I learned a new word today - "pseudoanthery." This term applies to a structure or organ on a nectarless flower that mimics a dehiscent anther. To elaborate further, a dehiscent anther is one in which a capsule containing pollen breaks open to reveal the pollen inside. For example, think of the anthers of an Asiatic lily. Back to the topic at hand.

I quite like learning new things, especially as it applies to familiar friends. I was admiring the floral display of a rather tall cane begonia when a friend of mine came up to me and simply said "pseudoanthery." I didn't quite catch it the first time so I asked him to repeat it. It wasn't hard to guess the root meaning of the word - fake anther. Confusion set in when I pointed out that I was looking at the female flowers of a begonia. Thus, a teaching moment presented itself.

Though I adore Begonias and have a small handful growing in my house at all times, I never stopped to think much about their pollination. Without a doubt, they can be quite showy. Even the smaller species can put on quite a floral show. Rarely have I ever detected a scent from a Begonia bloom, nor have I ever detected nectar (though that's not to say either of those qualities don't exist). The point I am trying to make is that I couldn't quite figure out their strategy.

Sure, male flowers contain copious amounts of pollen. That is incentive enough to visit a male bloom. But what about the female flowers? Do they get away with not offering any sort of reward by simply being showy? Certainly that helps, however, female Begonia flowers sweeten the ruse with a bit of mimicry.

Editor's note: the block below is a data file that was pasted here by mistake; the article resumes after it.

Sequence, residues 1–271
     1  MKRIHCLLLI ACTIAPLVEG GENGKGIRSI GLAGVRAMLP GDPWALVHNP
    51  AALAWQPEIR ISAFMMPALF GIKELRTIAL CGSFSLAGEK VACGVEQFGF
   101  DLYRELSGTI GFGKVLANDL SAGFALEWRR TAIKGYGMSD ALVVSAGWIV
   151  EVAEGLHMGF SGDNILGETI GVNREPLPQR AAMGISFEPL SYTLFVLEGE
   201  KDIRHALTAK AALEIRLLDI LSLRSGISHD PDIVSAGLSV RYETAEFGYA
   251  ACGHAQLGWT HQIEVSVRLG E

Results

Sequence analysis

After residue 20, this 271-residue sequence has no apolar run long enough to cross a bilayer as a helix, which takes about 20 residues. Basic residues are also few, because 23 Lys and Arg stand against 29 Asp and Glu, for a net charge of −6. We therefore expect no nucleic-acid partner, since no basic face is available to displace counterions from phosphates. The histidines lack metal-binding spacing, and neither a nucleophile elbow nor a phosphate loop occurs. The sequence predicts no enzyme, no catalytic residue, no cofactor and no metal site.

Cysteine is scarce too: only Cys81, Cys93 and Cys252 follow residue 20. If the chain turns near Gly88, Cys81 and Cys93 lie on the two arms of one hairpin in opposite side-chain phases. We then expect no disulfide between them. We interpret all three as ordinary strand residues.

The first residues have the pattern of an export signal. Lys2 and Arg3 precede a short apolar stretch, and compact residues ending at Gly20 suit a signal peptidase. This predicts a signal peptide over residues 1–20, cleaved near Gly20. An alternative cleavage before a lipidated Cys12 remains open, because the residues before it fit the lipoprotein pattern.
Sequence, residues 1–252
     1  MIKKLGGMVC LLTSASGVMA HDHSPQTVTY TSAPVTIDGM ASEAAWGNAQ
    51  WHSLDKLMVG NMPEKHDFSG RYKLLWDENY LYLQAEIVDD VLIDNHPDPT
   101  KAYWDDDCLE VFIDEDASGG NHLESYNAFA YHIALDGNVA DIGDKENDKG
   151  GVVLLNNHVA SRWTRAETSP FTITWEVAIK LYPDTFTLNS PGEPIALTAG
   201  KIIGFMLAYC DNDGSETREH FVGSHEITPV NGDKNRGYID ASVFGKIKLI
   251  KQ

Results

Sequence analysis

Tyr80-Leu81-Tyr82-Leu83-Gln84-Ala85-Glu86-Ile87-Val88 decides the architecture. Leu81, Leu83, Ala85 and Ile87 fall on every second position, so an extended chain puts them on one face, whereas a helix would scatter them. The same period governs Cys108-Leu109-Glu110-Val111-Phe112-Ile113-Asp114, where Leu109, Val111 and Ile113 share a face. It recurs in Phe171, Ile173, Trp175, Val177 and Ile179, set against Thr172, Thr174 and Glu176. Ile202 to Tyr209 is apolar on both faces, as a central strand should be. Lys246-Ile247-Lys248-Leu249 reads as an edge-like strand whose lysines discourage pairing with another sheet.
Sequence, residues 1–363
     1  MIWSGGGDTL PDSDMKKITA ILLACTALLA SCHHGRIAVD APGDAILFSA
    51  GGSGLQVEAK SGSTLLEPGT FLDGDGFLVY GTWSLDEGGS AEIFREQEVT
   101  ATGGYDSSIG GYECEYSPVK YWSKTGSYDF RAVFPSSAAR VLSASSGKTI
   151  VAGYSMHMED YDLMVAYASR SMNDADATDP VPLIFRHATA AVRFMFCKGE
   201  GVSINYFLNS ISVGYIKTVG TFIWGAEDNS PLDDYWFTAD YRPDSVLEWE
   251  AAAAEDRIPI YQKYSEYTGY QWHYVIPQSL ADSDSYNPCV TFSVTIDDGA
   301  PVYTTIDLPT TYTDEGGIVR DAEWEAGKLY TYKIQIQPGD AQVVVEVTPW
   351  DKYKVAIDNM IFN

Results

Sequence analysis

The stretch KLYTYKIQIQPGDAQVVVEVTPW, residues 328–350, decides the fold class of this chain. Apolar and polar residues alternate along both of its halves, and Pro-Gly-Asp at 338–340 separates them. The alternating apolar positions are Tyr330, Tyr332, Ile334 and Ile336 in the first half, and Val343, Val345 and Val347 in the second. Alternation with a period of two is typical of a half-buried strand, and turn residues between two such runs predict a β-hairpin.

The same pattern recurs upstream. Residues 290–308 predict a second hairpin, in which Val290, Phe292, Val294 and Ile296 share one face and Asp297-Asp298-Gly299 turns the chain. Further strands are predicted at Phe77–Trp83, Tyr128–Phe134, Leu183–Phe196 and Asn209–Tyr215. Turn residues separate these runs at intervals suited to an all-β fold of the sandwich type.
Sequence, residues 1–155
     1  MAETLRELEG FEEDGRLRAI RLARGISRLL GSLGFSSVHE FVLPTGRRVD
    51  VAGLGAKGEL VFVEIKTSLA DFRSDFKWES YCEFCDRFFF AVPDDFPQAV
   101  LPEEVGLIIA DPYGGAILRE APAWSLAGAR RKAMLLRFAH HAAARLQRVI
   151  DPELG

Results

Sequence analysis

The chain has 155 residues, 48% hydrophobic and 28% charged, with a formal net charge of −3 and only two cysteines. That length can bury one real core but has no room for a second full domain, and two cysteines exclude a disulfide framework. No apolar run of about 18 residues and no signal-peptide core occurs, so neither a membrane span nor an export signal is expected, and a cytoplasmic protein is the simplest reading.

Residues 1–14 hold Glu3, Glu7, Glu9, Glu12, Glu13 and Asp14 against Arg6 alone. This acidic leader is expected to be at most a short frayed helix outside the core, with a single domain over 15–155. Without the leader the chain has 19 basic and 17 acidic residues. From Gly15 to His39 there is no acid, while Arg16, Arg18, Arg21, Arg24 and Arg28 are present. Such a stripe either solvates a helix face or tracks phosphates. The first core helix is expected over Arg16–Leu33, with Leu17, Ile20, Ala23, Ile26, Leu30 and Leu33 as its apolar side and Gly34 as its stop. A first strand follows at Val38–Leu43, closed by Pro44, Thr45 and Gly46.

That is where the term pseudoanthery applies. Take a close look at the stigma of a begonia flower and you will be marveled by its intricate structure and bright coloration. As it turns out, the stigma is shaped in such a way as to mimic the pollen covered anthers of male flowers. Insects looking for protein rich pollen with visit the female flowers, realize it was all for naught, and move on. That is all the female flowers require. While the insect was busy searching for pollen, it is very likely that the bristly hairs on the stigma were able to pick up pollen grains from the insect's previous visit. With a little luck, that flower was a male begonia.

This ruse works best at large numbers. By producing lots of male flowers and considerably fewer female flowers, Begonias can ensure that the insects are not deterred by the lack of rewards. This has a double benefit for the plant as female flowers and seeds can be costly to produce.

Quite fascinating if I do say so myself. I have looked at countless Begonia flowers and not once did I question their structure. Just goes to show you that even old friends can teach us new things.

Further Reading: [1] [2]